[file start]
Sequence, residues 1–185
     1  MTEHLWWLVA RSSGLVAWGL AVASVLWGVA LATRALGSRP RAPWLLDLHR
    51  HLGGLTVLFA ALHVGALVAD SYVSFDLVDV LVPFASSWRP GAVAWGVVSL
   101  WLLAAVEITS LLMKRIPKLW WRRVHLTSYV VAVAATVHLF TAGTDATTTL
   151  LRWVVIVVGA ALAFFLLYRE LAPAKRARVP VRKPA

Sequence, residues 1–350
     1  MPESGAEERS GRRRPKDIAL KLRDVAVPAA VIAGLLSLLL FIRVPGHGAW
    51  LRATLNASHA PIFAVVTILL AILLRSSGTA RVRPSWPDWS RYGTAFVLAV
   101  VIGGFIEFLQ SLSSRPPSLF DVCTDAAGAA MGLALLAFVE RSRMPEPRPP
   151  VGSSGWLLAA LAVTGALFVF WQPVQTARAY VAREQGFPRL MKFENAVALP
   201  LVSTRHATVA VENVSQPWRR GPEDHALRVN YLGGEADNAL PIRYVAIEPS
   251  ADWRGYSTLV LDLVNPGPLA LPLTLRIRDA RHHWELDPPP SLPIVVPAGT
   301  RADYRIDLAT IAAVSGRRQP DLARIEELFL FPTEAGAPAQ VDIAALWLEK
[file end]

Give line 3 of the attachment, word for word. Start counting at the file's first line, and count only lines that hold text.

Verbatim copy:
    51  HLGGLTVLFA ALHVGALVAD SYVSFDLVDV LVPFASSWRP GAVAWGVVSL